A Critical Time for Algeria

By Emily Boulter

Over a two-month period Algerian president Abdelaziz Bouteflika vanished from the country's political scene. He was reported to have suffered a mild stroke and travelled to France in order to receive medical care. His absence sparked rumors that the 76-year-old president had either passed way or was in a coma. There were widespread calls among opposition parties that Article 88 of the constitution should be invoked.

However on June 12, 2013 news footage appeared showing Bouteflika in the French hospital of Val-de-Grace discussing plans for the next cabinet meeting with Prime Minister Abdelmalek Sellal and Chief of Staff Ahmed Gaid Salah. On July 16, the president returned home to Algeria and it is reported that he will enjoy a "period of rest and recovery".

There is relief from many quarters that a power vacuum has been averted until next year's presidential elections in April. The consensus is that Bouteflika will not run for a fourth term, even though he introduced an amendment in 2008 removing limits on presidential terms. For the moment there are no likely successors, but possible candidates include Prime Minister Sellal, former Prime Minister Ahmed Ouyahia and even former President Liamine Zeroual. Next year's candidates will have to gain the backing of Algeria's military and intelligence elite le pouvoir and undoubtedly they will need the support of Mohamed "Tewfiq" Mediene, the director of Algeria's intelligence service the DRS. Mediene is considered to be one of the most powerful men in Algeria and it is often said that the DRS truly holds the reins of power in the country.

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This year Algeria has needed the aid of a decisive leadership, since it has been marred by a number of crises. On January 16, militants from the al-Qaeda splinter group Al Mulathameen or the Signed-In-Blood Battalion, led by the Algerian-born Mokhtar Belmokhtar attacked the remote gas plant of Tiguentourine near the municipality of In Amenas. The facility is a joint operation controlled by Algeria's national oil company Sonatrach, BP and Statoil. It produces two percent of Europe's gas imports. On the day of the attack, militants dressed in military uniforms singled out foreign nationals and some were forced to wear explosives around their necks. A day later, Algerian Special Forces, under the direction of the head of the Directorate for Internal Security, General Athman 'Bachir' Tartag, launched an offensive to remove the militants. At the end of a four-day siege, at least 38 workers and 29 militants had been killed. The incident raised major concerns regarding the safety of all foreign workers at the country's gas and oil facilities. Many foreign companies removed non-essential staff and many expressed anger at the ease with which militants were able to penetrate the "ring of steel" surrounding the site, which included a large number of Algerian security forces, armed with attack helicopters and Soviet-built T-72 tanks. In the aftermath, there were questions over whether or not projects would be put on hold. The Tiguentourine plant suffered damage to two of its gas purification plants and while there was a loss in production, Algeria's energy minister told the press that they would compensate by using other fields. Yet BP's chief executive Bob Dudley said that some projects would have to be pushed back, which forced Britain's ambassador to Algeria to offer reassurances that BP was committed to remain in the country. Norway's Statoil has said it will double its security staff in its international division. On July 7, Algeria was nevertheless given a boost with the announcement that it was signing an agreement on an energy partnership with the European Union. The head of the Commission Jose Manuel Barroso announced: "energy is a priority sector for the Euro-Mediterranean partnership, because it is vital in order to build a shared zone of prosperity and stability".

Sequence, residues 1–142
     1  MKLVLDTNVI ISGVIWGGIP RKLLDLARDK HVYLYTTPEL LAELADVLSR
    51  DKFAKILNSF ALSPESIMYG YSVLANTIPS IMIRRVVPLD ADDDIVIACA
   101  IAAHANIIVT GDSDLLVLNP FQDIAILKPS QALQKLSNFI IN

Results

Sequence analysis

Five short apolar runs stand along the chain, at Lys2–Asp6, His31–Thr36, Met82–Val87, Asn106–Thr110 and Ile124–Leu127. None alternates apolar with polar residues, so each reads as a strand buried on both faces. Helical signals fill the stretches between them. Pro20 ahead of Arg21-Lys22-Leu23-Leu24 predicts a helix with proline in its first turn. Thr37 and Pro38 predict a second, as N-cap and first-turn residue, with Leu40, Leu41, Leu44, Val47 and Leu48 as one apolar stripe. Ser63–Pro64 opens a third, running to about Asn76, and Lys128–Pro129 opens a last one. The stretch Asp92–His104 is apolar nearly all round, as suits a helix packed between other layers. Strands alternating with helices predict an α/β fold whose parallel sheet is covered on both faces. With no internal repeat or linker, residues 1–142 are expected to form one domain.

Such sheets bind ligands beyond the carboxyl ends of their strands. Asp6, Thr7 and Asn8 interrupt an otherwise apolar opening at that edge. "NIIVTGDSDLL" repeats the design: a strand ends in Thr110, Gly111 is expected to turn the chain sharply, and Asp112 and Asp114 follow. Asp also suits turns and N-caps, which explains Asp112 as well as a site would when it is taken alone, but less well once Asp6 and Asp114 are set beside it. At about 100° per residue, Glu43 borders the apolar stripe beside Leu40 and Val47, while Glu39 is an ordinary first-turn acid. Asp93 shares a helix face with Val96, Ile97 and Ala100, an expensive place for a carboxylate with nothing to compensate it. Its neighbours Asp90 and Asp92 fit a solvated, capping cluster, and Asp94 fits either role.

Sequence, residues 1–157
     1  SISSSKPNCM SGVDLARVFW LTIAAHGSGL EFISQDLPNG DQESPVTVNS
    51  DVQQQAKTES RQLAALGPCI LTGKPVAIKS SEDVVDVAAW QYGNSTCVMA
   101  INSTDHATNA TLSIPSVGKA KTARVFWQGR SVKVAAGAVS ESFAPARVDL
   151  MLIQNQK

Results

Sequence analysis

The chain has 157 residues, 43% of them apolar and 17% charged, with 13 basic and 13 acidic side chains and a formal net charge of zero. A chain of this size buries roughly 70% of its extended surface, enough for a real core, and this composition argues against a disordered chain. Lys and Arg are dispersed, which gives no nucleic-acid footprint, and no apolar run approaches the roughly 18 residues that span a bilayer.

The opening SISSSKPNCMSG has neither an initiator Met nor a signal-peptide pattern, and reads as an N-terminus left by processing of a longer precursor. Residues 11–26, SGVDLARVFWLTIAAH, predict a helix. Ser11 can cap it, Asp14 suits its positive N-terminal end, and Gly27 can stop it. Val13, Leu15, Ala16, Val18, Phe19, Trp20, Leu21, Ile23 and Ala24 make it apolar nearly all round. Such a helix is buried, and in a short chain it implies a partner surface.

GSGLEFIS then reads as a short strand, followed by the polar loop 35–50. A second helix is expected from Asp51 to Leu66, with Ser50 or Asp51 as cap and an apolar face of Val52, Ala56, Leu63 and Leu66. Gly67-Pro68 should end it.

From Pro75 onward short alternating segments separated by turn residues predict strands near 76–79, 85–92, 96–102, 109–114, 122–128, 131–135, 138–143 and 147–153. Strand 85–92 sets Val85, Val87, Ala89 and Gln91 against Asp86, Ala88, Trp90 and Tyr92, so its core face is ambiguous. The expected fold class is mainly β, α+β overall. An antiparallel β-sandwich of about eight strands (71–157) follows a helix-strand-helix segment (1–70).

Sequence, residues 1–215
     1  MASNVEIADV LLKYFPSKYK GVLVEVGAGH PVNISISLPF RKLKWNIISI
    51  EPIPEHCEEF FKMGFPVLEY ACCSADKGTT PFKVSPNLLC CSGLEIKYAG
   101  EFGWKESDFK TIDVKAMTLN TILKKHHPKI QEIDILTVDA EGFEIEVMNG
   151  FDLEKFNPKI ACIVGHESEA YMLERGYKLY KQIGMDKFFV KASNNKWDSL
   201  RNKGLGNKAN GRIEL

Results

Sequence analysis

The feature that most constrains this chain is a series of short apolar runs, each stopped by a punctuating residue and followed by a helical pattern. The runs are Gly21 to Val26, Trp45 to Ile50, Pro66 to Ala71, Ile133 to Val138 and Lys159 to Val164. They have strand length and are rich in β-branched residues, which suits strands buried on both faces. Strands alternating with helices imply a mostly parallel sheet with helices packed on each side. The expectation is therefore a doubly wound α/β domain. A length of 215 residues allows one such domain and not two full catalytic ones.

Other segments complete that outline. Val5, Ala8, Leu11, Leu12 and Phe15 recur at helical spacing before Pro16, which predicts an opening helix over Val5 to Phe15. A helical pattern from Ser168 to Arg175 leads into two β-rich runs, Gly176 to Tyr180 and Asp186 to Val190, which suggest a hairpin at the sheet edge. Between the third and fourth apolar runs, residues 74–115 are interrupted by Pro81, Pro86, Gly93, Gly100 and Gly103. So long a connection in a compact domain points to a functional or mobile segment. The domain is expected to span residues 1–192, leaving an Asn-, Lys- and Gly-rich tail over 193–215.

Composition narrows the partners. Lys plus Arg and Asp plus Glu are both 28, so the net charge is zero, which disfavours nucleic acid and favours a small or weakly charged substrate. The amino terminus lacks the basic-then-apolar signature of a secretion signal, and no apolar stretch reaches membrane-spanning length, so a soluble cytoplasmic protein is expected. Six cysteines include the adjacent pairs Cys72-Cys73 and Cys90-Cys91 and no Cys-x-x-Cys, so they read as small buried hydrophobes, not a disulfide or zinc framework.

Algeria is facing a tide of problems from beyond its borders and given that 98 percent of Algeria's export earnings come from oil and gas, it is critical that Algeria's government works to eliminate the threat of similar attacks in the future. Due to France's intervention in northern Mali in January, there has been a considerable movement of militant activity towards southern Libya and also into the area of Jebel Chambi on the Algerian-Tunisian border. The Tunisian military has been working to crack down on al-Qaeda operatives in this region. Given the nature of this threat, both countries have formed a military-security liaison and coordination committee to share information on terrorist activities. Since May at least 6000 Algerian troops have been posted along the border with Tunisia. On June 10, Algerian Foreign Minister Mourad Medelci said, "the borders with Tunisia and Libya are well secured, thanks to co-ordination with the two countries' governments". During this year's holy month of Ramadan, Algerian security forces have been on high alert due to fears of terrorist attacks. Security has been stepped up at mosques, public venues and at the country's beaches.

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Emily Boulter is a non-resident associate at INEGMA. Originally published by INEGMA.

(AP Photo)

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